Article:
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Compr Psychiatry. 2012 Aug;53(6):875-83. doi: 10.1016/j.comppsych.2012.01.006. Epub 2012 Mar 16.

Investigating the development of temperament and character in school-aged children using a self-report measure.

Author information

1
Department of Human Sciences, University of Udine, 33100 Udine, Italy. cosimo.urgesi@uniud.it

Abstract

BACKGROUND:

Developmental studies of temperament and character dimensions are crucial for a better understanding of how genetic and environmental factors interact in shaping individual personality. However, although several studies have been conducted in adults, a few studies have addressed the evaluation of temperament and character in children. Here, we tested the suitability of self-report evaluation and the developmental trend of temperament and character dimensions among school-aged children using an Italian version of the junior Temperament and Character Inventory (jTCI).

METHODS:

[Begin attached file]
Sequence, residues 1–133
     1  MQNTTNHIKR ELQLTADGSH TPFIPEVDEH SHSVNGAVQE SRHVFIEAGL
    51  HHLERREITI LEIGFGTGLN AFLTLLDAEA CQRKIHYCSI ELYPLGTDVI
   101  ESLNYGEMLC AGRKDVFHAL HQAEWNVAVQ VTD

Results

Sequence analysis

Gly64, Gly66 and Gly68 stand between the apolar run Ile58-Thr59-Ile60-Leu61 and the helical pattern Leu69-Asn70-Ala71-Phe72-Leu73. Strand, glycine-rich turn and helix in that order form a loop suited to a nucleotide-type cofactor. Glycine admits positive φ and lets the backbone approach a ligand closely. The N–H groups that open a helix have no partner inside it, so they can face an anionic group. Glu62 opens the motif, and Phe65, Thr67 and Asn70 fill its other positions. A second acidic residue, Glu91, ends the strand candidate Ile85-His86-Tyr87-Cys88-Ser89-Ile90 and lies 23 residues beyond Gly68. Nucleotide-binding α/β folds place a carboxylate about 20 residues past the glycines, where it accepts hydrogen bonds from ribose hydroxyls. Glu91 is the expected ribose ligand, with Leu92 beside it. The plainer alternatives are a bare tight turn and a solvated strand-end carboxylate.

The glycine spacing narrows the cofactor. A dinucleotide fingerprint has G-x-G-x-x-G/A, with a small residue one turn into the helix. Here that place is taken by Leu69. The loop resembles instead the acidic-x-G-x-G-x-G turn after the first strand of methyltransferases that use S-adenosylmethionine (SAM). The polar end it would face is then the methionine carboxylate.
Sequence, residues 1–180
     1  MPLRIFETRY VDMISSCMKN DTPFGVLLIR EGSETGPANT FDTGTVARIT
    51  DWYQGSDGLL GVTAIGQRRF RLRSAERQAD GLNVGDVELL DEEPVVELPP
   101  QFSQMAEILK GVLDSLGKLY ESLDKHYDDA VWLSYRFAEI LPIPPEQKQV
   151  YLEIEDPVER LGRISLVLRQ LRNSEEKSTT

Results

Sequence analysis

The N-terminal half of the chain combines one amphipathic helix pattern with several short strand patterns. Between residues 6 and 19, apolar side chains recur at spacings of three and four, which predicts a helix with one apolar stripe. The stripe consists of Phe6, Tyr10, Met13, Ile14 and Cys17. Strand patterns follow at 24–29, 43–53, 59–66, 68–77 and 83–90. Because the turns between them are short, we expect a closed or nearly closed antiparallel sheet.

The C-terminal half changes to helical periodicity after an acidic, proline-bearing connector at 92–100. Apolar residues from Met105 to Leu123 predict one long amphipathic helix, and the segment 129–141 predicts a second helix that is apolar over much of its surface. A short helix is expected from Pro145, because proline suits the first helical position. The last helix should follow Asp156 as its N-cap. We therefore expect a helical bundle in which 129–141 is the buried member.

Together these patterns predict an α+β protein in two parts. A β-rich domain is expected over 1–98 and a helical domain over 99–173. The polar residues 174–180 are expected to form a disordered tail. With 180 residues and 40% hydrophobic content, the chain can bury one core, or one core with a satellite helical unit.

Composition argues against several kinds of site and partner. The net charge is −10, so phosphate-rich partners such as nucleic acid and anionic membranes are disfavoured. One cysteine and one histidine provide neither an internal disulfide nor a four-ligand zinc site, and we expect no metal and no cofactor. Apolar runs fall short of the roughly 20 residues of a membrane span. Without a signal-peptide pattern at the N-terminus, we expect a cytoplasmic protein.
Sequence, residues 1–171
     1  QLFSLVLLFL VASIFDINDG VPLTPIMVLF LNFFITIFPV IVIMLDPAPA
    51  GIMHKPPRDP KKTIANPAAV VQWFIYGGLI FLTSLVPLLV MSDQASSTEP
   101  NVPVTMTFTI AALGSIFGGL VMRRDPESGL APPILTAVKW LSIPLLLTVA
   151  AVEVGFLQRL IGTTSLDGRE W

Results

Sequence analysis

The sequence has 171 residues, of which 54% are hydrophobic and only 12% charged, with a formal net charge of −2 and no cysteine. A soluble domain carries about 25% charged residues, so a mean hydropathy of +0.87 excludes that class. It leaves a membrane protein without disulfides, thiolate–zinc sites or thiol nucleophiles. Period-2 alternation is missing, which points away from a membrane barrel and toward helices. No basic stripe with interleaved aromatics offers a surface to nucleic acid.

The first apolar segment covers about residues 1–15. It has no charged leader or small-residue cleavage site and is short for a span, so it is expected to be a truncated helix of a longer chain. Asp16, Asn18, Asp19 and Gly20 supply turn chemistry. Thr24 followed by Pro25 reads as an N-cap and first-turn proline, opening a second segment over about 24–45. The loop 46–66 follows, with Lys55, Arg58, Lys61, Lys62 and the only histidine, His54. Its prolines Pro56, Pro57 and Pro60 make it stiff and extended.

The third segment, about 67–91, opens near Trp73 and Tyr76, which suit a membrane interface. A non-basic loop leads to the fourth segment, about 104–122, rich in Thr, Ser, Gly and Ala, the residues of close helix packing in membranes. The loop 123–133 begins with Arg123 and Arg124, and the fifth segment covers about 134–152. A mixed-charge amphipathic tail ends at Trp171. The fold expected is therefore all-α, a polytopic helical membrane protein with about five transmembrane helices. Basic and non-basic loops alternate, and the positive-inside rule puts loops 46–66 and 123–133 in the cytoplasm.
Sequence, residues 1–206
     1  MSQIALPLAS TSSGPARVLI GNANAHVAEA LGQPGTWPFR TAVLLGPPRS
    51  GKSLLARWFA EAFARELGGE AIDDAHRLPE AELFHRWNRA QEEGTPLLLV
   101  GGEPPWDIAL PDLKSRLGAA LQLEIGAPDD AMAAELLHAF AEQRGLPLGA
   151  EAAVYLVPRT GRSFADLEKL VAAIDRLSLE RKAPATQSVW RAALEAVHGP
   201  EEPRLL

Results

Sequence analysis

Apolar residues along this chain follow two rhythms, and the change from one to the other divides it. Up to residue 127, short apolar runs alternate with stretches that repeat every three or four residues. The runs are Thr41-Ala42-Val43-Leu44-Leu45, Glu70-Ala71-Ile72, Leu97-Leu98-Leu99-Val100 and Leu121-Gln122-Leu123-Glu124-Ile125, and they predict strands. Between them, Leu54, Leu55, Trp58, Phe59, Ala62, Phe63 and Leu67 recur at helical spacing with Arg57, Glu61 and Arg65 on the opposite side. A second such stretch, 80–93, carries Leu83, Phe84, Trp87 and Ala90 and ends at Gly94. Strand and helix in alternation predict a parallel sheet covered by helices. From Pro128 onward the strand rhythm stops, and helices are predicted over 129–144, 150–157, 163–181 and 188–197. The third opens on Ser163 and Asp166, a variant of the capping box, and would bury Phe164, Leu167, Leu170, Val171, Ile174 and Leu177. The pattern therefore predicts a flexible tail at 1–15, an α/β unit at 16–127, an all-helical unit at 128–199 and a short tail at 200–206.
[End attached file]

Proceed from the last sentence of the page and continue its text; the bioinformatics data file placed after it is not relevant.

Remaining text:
The jTCI was completed by 572 Italian children (292 girls and 280 boys) aged 8 to 12 years. We evaluated the internal consistency of the 7 jTCI scales at each age, the intercorrelations between the scales, and the factorial model of the questionnaires. Furthermore, we tested the differences between the development of the temperament and character dimensions in girls and boys.

RESULTS:

Although the data from 8-year children showed unacceptably low internal consistency, better reliability was observed for older children. Intercorrelations and factor analysis partially confirmed the hypothesized structure of the jTCI items, with problems observed for some items of the Novelty Seeking, Harm Avoidance, Reward Dependence (RD), and Self-Directedness scales. Furthermore, in keeping with previous studies, girls presented lower scores in Novelty Seeking and higher RD, Self-Directedness, and Cooperativeness scales than did boys, with the between-sex difference in RD becoming larger at older ages.

CONCLUSIONS:

Although the use of the self-administered jTCI in clinical settings should be cautious, it may serve as a useful complementary instrument to describe the development of personality in childhood.

PMID:
22425528
DOI:
10.1016/j.comppsych.2012.01.006
[Indexed for MEDLINE]
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